4. Books That Will Result in a DISCUSSION. These are the books that will need some parental guidance. The ones where your parents seriously disagree with some of it, or where clarification will be necessary. The family medical encyclopedia. That thing about the circus sideshow. And anything where the expectations in your family are dramatically different than what’s shown in that book. For instance: The Secret Garden is really old fashioned, isn’t it? Wow, that child is horrible.
  5. Books That Will Result in Someone’s Career Ending There weren’t a lot of books that fell into this category, when I was a kid. (We’re a fairly information-positive family.) In one notable instance, however, a really lazy grade-school teacher decided that a movie about World War II would be just as good as a more formal lesson. Her career ended somewhere during a scene with a couple f—udging* on the porch.

I believe that books can move up or down the hierarchy of children’s books without any actual censorship or book-banning taking place. I don’t think I owe a recommendation to anything, and I certainly don’t think I should recommend everything to children. Plenty of books I read myself–and enjoy, and recommend to adults–that I wouldn’t recommend to a ten year old or a six year old.

Most of the books I read, I wouldn’t recommend to a young child.

And if I do recommend a book, I want it to be good–not just enjoyable, but good–a step in the direction I believe the world should go. I want it to be something that represents something I can stand behind, and something that will give that child–and the children he comes into contact with–a better life.

*If you know how to use euphemisms, thank a teacher.


Working at Work

The secret really is the earphones. I can’t emphasize that enough. They’re the only reason I’m sitting here working on Work, and not… for instance… laughing at the really punny joke co-worker’s  kid told her. (There is currently no music in my  headphones.)

My brain is stuck somewhere in the middle of a subplot that was stuck, and which is now snowballing down hill at breakneck speeds.  I had the beginning of the subplot, and the end… and then, I ran into the place where I actually needed the middle (that I didn’t have.)

I still don’t have a clear vision for the NaNoWriMo story, but the characters still seem to be working out okay. Now, they just have to do something.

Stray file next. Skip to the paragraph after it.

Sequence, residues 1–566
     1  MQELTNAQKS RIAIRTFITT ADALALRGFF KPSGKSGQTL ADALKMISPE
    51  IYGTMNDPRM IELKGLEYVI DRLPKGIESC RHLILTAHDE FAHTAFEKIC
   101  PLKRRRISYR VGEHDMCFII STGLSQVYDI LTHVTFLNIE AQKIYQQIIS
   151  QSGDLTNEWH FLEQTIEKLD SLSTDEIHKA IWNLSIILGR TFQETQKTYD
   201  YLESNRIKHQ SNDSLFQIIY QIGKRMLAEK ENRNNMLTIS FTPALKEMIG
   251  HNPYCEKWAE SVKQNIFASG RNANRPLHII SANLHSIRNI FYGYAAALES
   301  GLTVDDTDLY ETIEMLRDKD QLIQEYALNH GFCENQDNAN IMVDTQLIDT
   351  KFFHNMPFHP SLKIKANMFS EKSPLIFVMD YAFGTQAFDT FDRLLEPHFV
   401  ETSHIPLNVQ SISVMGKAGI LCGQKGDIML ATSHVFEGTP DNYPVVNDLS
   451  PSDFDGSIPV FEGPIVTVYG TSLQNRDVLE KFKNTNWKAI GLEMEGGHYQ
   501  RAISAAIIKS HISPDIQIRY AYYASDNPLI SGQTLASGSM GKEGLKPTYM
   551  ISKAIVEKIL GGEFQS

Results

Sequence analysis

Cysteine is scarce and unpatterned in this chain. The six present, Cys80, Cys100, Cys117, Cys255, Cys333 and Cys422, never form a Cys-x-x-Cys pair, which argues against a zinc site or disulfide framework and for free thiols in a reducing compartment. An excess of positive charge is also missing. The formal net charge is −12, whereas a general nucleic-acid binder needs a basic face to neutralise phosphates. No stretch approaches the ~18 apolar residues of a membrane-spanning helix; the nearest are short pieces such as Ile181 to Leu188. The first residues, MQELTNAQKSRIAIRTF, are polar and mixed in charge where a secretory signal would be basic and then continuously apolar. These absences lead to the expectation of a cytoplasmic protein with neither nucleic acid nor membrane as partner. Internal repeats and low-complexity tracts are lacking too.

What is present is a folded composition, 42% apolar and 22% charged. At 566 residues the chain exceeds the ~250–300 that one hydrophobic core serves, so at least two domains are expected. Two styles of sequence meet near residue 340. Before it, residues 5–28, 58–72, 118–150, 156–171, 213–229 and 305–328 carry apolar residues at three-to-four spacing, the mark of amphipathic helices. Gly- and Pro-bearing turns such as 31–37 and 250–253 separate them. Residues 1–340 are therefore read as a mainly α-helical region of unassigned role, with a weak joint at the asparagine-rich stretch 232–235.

I invited a child (via the Responsible Adult) to join in  with the Young Writers’ Program. I think she’d be a natural for it. Her Responsible Adult thinks she already reads too much.  I know all those words, but when you put them in that order… it just doesn’t make sense.

I suspect that’s a no.

Good Taste, Sensitivity, and Writing

I’m fiddling around with the first traces of an idea. Something I might write for NaNoWriMo, if I can work out where the plot starts by then. I’m actually fairly excited about the idea. No, I won’t tell you what it is, but it does seem to have planted itself pretty firmly in my head.

The problem–if I can call it a problem–is that the idea centers around one of Humanity’s tragedies, and then adds a little bit of sci-fi-y, supernatural-y something. It’s the kind of story that needs to be written very, very carefully in order to avoid coming across as either preachy or callous.

I know that from experience. I have my own little corners of history that I’m protective of. Things that happened that resonate with me, that I don’t want touched. And there are certainly plenty of stories I’ve quit reading because they de-emphasized the serious part of the true story.

On the other hand, now and then, there’s a story about those same times that is actually… good enough. Good enough to make people think. Good enough to make them feel.

And I’m debating whether I have the skill to do a “good enough” story or not.